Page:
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The substitutional rule for the Fibonacci sequence is $\sigma: L \rightarrow LS, S \rightarrow L$, is: $$ \sigma : \left ( \begin{array}{c} L \\ S\\ \end{array} \right ) \rightarrow \underbrace{\left ( \begin{array}{cc} 1 & 1 \\ 1 & 0 \\ \end{array} \right )}_{=\mathcal{S}} \left ( \begin{array}{c} L \\ S\\ \end{array} \right ) = \left ( \begin{array}{c} LS \\ S\\ \end{array} \right ), $$ and $\mathrm{det}\, \mathcal{S} = -1$.

The substitutional rule for the Octonacci (or Pell) sequence is $\sigma: L \rightarrow LLS, S\rightarrow L$, or: \begin{equation} \sigma : \left ( \begin{array}{c} L \\ S\\ \end{array} \right ) \rightarrow \underbrace{\left ( \begin{array}{cc} 2 & 1 \\ 1 & 0 \\ \end{array} \right )}_{=\mathcal{S}} \left ( \begin{array}{c} L \\ S\\ \end{array} \right ) = \left ( \begin{array}{c} LLS \\ S\\ \end{array} \right ). \end{equation}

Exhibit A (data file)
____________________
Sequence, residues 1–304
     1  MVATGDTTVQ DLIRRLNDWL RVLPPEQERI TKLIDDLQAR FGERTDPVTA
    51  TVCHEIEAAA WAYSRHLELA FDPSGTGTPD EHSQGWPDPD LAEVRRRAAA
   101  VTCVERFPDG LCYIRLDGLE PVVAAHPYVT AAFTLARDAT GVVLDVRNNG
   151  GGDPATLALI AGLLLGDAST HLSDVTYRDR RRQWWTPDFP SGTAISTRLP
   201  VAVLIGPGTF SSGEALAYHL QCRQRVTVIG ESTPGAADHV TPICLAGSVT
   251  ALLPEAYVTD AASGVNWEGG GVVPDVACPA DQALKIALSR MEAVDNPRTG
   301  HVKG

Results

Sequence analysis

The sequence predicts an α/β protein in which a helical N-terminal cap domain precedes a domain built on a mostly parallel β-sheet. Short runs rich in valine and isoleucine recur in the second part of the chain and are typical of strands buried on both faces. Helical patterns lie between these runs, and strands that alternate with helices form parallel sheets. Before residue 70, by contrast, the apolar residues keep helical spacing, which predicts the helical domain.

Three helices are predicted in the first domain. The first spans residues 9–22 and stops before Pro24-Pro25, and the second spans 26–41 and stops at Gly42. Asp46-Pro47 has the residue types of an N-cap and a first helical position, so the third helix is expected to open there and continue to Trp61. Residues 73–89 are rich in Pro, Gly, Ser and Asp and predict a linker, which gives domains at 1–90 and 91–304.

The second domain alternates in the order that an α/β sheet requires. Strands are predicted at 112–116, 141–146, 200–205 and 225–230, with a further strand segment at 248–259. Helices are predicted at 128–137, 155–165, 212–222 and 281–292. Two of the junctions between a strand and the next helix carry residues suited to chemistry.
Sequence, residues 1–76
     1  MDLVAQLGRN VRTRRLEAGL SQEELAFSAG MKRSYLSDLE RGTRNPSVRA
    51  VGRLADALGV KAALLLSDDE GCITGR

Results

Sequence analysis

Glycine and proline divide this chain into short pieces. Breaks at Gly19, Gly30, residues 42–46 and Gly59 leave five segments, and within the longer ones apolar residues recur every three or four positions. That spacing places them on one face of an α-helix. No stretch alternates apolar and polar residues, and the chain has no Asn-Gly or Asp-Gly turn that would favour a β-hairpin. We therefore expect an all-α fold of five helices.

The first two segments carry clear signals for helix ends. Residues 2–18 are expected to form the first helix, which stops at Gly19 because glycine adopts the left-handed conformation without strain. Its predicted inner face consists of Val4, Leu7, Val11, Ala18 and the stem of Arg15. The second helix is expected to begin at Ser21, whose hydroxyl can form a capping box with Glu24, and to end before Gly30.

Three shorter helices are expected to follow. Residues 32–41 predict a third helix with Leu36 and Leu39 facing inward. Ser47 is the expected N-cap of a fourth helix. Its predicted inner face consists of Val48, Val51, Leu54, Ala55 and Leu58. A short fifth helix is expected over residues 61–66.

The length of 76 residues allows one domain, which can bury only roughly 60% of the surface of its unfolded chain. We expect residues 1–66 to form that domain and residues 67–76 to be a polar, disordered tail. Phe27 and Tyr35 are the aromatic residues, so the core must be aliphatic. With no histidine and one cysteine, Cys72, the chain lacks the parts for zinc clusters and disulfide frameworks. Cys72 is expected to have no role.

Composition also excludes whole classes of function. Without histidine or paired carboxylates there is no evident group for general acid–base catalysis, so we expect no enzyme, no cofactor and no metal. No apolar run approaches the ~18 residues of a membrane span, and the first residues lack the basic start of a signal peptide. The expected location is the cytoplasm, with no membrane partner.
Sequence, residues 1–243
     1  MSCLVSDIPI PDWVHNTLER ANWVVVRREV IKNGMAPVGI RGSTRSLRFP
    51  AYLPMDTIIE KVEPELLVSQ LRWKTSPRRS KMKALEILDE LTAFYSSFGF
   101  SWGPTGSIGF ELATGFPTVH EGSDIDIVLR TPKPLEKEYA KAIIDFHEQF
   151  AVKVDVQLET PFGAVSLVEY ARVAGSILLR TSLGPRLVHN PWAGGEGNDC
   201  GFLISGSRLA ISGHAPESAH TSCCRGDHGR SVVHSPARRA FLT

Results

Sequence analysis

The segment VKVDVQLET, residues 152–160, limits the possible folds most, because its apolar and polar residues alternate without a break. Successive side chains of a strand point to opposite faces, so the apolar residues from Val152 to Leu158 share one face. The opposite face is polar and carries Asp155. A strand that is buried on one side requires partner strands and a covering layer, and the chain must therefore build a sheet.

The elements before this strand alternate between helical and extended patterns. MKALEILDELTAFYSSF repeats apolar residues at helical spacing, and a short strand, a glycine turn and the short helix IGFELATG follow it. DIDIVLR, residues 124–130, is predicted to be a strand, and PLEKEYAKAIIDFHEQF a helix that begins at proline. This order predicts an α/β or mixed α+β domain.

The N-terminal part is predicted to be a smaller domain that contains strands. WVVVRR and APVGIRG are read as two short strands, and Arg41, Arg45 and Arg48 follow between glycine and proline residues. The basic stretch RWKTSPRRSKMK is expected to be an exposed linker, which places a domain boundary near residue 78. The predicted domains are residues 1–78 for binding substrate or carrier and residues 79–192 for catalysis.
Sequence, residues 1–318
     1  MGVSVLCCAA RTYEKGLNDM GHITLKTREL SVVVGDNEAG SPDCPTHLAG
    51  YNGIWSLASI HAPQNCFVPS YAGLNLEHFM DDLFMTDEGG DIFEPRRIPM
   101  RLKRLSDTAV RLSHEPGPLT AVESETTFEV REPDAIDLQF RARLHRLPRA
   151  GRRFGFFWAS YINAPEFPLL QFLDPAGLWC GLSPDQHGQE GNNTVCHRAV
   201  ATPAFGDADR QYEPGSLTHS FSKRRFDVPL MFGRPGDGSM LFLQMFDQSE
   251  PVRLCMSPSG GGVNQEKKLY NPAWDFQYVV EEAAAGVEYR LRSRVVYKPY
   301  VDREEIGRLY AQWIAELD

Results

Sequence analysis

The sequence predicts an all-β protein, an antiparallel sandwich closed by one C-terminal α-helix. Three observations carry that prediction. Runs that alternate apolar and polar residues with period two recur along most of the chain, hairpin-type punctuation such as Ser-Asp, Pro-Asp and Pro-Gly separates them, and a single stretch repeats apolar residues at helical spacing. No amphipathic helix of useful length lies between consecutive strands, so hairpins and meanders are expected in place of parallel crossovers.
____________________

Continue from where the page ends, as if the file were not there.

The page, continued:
with $\mathrm{det}\, \mathcal{S} = -1$.

The substitution rule for the Ammmann-Beenker tiling is: $$ \left ( \begin{array}{cc} 3 & 2 \\ 4 & 3 \end{array} \right ) $$

whose determinant is $1$.

Do substitution matrices need to have determinant $\pm 1$?

What is the physical meaning?

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No, for instance the Thue-Morse substitution $a \mapsto ab, b \mapsto ba$ has determinant $0$, and the period doubling substitution $a \mapsto ab, b \mapsto aa$ has determinant $-2$.

When a substitution matrix has determinant $\pm 1$, then we call the substitution unimodular. You can find plenty of literature on unimodular Pisot substitutions for instance, which is related to the long standing open question known as the Pisot conjecture or Pisot substitution conjecture.

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